There is no greater insult in the Metaverse than to call someone a spammer. SPAM — even the word sounds ugly: "SSSS-PAM."

It conjures up visions of pink fleshy things coated in gelatin. Yet, spam afflicts us all in every useful communication channel.

When e-mail was the province of academics and computer geeks who knew Unix, e-mail spam was an unknown phenomenon.

There is no greater insult in the Metaverse than to call someone a spammer. SPAM — even the word sounds ugly: "SSSS-PAM."

It conjures up visions of pink fleshy things coated in gelatin. Yet, spam afflicts us all in every useful communication channel.

When e-mail was the province of academics and computer geeks who knew Unix, e-mail spam was an unknown phenomenon. Within minutes of e-mail becoming a widespread communication tool, however, spammers entered the picture.

Same with Twitter, same with Facebook, same with whatever comes next. I suspect that the third smoke signal message ever sent was probably something about mail-order Viagra.

There is, however, a time for spam. Yes, that’s right. Let me say that one more time: There is a time for spam.

Jason Steele, vice president of Interactive Marketing at Better Homes and Gardens Real Estate, wrote a fascinating blog post about e-mail marketing.

Steele described an experience shopping for a new TV at Amazon.com, and he noted that he is an avid shopper on the site and has opted in to receive marketing messages via e-mail.

"On Monday morning I check my e-mail and there is a message from Amazon.com with the subject line, ‘Sony Two-Day Sale in Televisions and Video.’ I obviously opened the message, so Amazon NOW knows I am seriously interested in buying a TV," Steele wrote.

He soon after received a more specific e-mail message from Amazon about TVs, and he concludes that Amazon "is using browsing behavior to enable microtargeting in their e-mail marketing program. This is a concept that has been floating around for almost 10 years, but this is truly the first time I had seen it executed so flawlessly."

Listen to the excitement in his "voice." He’s talking about spam, ladies and gents. Of course, in his mind, it isn’t spam since he opted in to receive marketing e-mails from Amazon. But that’s actually a minor difference.

The real difference is that Steele was in the market for a new TV. Suddenly, all the e-mails that would have been irritating and annoying (and therefore "spam") became useful and interesting. His mindset converted an annoyance into admiration for how well Amazon was tracking him. Amazing, ain’t it?

Back in my fashion victim days, (OK, I’ll allow: "Whaddaya mean ‘back in’? As opposed to now?") I was a subscriber to GQ and Details. But I can’t really say I read the articles. (Sure, it’s exactly the opposite of what subscribers to Playboy say, isn’t it?) …CONTINUED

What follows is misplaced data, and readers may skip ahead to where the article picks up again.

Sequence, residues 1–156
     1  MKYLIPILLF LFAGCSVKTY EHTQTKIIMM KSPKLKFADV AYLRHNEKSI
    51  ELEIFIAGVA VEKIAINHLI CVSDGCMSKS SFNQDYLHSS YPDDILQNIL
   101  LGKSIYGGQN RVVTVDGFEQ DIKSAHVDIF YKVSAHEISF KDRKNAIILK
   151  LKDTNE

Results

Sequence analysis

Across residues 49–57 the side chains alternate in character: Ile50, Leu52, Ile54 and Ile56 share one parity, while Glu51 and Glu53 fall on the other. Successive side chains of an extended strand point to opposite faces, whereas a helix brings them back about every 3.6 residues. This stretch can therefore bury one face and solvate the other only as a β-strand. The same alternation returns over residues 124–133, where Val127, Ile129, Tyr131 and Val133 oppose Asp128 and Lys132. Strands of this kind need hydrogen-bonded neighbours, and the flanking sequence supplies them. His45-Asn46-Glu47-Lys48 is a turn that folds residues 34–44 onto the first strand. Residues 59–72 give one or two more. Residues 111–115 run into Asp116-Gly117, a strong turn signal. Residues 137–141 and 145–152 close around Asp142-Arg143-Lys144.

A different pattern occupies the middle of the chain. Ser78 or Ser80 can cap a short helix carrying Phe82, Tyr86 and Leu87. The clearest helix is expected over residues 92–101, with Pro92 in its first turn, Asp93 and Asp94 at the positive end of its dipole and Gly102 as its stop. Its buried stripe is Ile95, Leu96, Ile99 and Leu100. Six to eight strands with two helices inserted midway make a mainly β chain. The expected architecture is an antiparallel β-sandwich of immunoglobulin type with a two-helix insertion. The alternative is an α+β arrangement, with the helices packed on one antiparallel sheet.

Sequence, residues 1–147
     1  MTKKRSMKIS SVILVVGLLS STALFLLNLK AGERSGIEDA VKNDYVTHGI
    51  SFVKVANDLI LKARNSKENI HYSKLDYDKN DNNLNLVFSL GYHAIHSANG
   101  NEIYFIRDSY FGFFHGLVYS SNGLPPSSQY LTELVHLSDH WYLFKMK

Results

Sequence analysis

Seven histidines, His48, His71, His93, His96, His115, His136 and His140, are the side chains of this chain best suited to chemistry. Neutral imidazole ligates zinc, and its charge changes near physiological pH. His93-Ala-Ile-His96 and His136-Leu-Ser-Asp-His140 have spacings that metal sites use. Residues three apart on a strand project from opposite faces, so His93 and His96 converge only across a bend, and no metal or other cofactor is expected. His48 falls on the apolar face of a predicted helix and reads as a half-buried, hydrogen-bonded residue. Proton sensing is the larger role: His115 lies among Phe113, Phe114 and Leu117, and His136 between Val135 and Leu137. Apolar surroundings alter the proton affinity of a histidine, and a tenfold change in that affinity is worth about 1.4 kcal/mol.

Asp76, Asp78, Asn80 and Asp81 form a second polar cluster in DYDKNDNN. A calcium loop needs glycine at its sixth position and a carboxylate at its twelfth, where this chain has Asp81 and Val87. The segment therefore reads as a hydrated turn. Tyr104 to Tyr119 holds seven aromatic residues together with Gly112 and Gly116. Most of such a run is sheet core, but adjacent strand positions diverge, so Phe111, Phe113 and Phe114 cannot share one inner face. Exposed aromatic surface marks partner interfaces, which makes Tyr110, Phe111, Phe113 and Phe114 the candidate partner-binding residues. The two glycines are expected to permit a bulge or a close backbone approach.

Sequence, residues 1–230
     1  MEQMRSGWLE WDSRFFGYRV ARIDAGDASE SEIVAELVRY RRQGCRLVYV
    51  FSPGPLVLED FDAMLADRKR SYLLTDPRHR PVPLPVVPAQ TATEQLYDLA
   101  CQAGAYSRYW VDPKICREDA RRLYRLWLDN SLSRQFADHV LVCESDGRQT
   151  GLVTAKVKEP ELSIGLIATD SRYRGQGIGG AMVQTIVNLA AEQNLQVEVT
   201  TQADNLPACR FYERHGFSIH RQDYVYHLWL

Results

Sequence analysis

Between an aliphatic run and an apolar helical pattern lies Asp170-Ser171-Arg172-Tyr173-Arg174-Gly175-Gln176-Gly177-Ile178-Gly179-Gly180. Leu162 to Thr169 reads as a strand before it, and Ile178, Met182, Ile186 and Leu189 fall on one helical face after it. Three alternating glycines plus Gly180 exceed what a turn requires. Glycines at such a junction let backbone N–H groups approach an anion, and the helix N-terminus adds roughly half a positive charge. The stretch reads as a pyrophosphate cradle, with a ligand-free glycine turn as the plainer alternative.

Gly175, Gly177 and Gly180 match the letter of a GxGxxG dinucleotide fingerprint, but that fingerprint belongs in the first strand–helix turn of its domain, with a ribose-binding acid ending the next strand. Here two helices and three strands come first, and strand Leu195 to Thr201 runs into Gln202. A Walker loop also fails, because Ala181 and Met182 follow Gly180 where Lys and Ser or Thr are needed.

I bought those magazines for the ads. When I spoke to women friends who were carrying around massive tomes like Vogue, they also confirmed that the most interesting parts of those magazines were the ads showing the latest and greatest fashions in gorgeous photography. When you’re a fashion victim, you’re in the market for new clothing pretty much all the time. And for people like me back in the day (ahem), advertisements are truly welcome.

The same mechanic exists in real estate. I, and others, have killed thousands of innocent pixels decrying the practice of spamming listings onto social media channels. And yet, what I left out was that there is indeed a time for spamming — for advertising and even for listings. That time is when the customer is in the market for a new house.

Steele is right when he says that real estate e-mail marketing could be taken to the next level by incorporating traffic analysis software, geotargeting solutions, and e-mail marketing. (He also talks about expert systems that suggest alternatives, but that’s for another day.)

A service that would "automagically" deliver only the kinds of houses I was interested in, in neighborhoods that fit my criteria, based on my online habits, would be an incredible value as long as I was actually in the market. The challenge is knowing when the customer is and is not in the market.

Sophisticated traffic and behavioral analytics engines would help. But without that, there is a sure way to know. It’s called asking.

Simply ask, "Are you in the market for a new house?" and ask the consumer to provide a timeframe. Are we talking a year? Six months? Three months? Are we just looking, in the early stages of preliminary research?

To add a layer of sophistication to this, I suggest mapping out the customer’s transaction lifecycle from initiation of research through closing and beyond. You’re the real estate expert; you know which change in behavior accompanies which change in mental states. Chart them and write them down. It will be surprisingly helpful.

Click here to view a chart of what this might look like.

Your actual map is likely to be far better, far more insightful and far more useful. One of the insights such a map will give you is when to start spamming and when to stop spamming such that the customer will welcome such advertising instead of despising it.

Quoting scripture: "To every thing there is a season, and a time to every purpose under the heaven" … even a time to spam.

Robert Hahn is managing partner of 7DS Associates, a marketing, technology and strategy consultancy focusing on the real estate industry. He is also founder of The Notorious R.O.B. blog.

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